## 5. Implementation

*Optimal Control for Switched Systems (OCS2)*toolbox.

^{2}The key steps of the algorithm at each control cycle are outlined in Algorithm 1.

Algorithm 1 Single iteration of our PISOC algorithm |
---|

1: Given: Current time ${t}_{0}$, current state ${\mathit{x}}_{0}$2: Given: Ancillary or parametrized policy $\mathbf{\pi}$3: Initialize:${\gamma}_{u}={\gamma}_{J}$, ${U}_{\mathrm{elite}}=\varnothing $4: Forward Pass:5: clear sampleData 6: Sample stochastic trajectories around $\mathbf{\pi}$ 7: Sample stochastic trajectories around ${\mathit{u}}_{\mathrm{elite}}$ 8: Save all samples to sampleData 9: Backward Pass:10: Compute path cost $S$ for all samples 11: Evaluate opt. control ${\mathit{u}}^{*}(\tau )=\mathbb{E}[\cdots ]\phantom{\rule{0.25em}{0ex}}\forall \tau \in [{t}_{0},{t}_{f}]$ 12: Roll out ${\mathit{u}}^{*}(\xb7)$ to obtain ${\mathit{x}}^{*}(\xb7)$ 13: Save elite samples ${U}_{\mathrm{elite}}=\{{\mathit{u}}_{j}(\xb7){\}}_{j}$ 14: ${\gamma}_{u}\leftarrow $ temperature tuning 15: if$\mathbf{\pi}$ parametrized then16: Apply gradient update ${\mathit{\theta}}^{+}=\mathit{\theta}+\cdots $ 17: end if18: return Optimal input and state sequence $\{{\mathit{u}}^{*}(\xb7),{\mathit{x}}^{*}(\xb7)\}$ |

### 5.1. Forward–backward pass

### 5.2. Importance sampling

*in parallel*to the forward pass as yet another independent task. The employed sampling policy is, therefore, always the one computed during the previous iteration of our algorithm.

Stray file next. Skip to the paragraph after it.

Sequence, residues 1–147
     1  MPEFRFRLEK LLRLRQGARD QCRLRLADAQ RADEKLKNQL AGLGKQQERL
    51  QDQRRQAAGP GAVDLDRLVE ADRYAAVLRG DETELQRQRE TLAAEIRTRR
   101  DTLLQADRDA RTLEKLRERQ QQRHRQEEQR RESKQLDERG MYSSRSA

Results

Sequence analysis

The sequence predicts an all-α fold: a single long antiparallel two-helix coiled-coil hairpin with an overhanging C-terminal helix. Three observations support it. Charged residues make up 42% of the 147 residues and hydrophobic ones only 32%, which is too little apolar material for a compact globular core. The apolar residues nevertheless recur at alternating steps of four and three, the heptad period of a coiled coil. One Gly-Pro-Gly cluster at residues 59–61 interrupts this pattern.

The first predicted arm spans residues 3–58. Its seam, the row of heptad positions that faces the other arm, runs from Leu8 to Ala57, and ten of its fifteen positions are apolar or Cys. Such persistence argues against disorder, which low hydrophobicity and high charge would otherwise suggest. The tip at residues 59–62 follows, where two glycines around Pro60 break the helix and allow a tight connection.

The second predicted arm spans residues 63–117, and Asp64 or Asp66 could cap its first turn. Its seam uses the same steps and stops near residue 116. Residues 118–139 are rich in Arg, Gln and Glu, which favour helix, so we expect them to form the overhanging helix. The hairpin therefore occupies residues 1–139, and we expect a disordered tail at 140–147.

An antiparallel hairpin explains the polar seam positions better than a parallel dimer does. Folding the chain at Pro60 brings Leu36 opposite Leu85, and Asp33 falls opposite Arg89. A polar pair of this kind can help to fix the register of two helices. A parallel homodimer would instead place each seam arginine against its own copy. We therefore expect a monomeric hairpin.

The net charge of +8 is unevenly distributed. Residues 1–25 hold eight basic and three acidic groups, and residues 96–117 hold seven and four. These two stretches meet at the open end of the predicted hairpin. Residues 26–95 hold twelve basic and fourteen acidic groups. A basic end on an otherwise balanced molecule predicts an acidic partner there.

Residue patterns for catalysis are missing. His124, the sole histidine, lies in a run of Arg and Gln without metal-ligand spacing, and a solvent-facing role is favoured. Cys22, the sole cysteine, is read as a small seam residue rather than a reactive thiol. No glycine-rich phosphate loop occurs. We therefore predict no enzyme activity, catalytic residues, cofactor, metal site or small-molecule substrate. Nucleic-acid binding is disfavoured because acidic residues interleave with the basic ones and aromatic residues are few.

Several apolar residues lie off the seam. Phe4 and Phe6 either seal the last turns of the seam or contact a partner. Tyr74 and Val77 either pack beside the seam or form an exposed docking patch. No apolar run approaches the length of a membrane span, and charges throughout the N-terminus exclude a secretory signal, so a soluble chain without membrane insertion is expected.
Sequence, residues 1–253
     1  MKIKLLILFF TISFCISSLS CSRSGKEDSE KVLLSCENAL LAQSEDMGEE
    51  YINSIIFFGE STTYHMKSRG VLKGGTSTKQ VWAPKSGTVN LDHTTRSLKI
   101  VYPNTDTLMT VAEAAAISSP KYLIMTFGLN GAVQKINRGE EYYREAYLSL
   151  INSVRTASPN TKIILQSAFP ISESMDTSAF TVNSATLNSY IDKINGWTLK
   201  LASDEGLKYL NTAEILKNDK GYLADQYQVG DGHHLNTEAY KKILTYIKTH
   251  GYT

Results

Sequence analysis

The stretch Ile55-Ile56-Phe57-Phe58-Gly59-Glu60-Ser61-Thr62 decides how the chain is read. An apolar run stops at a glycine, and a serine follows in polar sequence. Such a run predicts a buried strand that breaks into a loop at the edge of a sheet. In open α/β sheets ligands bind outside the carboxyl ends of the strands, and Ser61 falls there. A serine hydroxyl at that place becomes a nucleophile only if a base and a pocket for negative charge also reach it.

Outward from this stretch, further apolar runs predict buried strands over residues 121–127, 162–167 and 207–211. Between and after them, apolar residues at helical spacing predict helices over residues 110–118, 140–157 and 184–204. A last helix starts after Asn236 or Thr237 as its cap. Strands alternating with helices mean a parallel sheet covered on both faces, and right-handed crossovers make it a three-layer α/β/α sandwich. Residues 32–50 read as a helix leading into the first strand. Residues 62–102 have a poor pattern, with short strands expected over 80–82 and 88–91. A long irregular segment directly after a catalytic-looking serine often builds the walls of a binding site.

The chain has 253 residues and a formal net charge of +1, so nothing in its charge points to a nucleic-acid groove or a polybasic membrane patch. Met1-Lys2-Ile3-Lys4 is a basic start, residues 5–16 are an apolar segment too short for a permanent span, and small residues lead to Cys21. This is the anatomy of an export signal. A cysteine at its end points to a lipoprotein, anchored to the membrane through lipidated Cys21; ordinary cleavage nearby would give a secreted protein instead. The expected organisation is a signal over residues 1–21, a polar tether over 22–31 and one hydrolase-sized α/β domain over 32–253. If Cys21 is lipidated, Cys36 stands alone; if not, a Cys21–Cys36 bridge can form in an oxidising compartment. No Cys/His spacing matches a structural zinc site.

## 6. Illustrative example

${n}_{\mathrm{eff}}$ | ${\gamma}_{J}=0.01$ | ${\gamma}_{J}=0.1$ | ${\gamma}_{J}=1.0$ |
---|---|---|---|

${\gamma}_{u}={\gamma}_{J}$ | 0.10% | 0.24% | 2.73% |

Auto-tuned | 37.9% | 33.8% | 29.1% |

## 7. Results

### 7.1. Ballbot: a ball-balancing robot

#### 7.1.1. PISOC performance

#### 7.1.2. Online learning

### 7.2. ANYmal: a quadrupedal robot

#### 7.2.1. Importance sampling is critical

^{3}for a demonstration.

#### 7.2.2. Learning importance sampling

#### 7.2.3. Constrained problems

#### 7.2.4. Robustness and exploration over local minima

Gap width (cm) | 15 | 20 | 25 | 30 | 35 |

Relative noise level | 30% | 55% | 100% | 115% | — |

#### 7.2.5. Hardware deployment

## 8. Conclusion

## Acknowledgments

## Funding

## ORCID iD

## Footnotes

## Appendix A. Constrained path integral control derivation

### A.1. Optimal cost-to-go

### A.2. Minimization under constraints

### A.3. Transformation and diffusion process

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**Article first published online**: October 12, 2021

**Issue published**: February 2022

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**Published online**: October 12, 2021

**Issue published**: February 2022